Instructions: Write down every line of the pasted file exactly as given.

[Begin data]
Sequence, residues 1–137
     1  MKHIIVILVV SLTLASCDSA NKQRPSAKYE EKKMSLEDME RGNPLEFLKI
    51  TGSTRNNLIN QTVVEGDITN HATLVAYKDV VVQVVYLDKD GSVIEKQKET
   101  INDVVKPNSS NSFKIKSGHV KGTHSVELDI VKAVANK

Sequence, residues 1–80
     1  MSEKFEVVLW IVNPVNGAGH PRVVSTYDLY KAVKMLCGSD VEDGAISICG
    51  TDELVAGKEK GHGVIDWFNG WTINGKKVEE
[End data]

Sequence, residues 1–137
     1  MKHIIVILVV SLTLASCDSA NKQRPSAKYE EKKMSLEDME RGNPLEFLKI
    51  TGSTRNNLIN QTVVEGDITN HATLVAYKDV VVQVVYLDKD GSVIEKQKET
   101  INDVVKPNSS NSFKIKSGHV KGTHSVELDI VKAVANK

Sequence, residues 1–80
     1  MSEKFEVVLW IVNPVNGAGH PRVVSTYDLY KAVKMLCGSD VEDGAISICG
    51  TDELVAGKEK GHGVIDWFNG WTINGKKVEE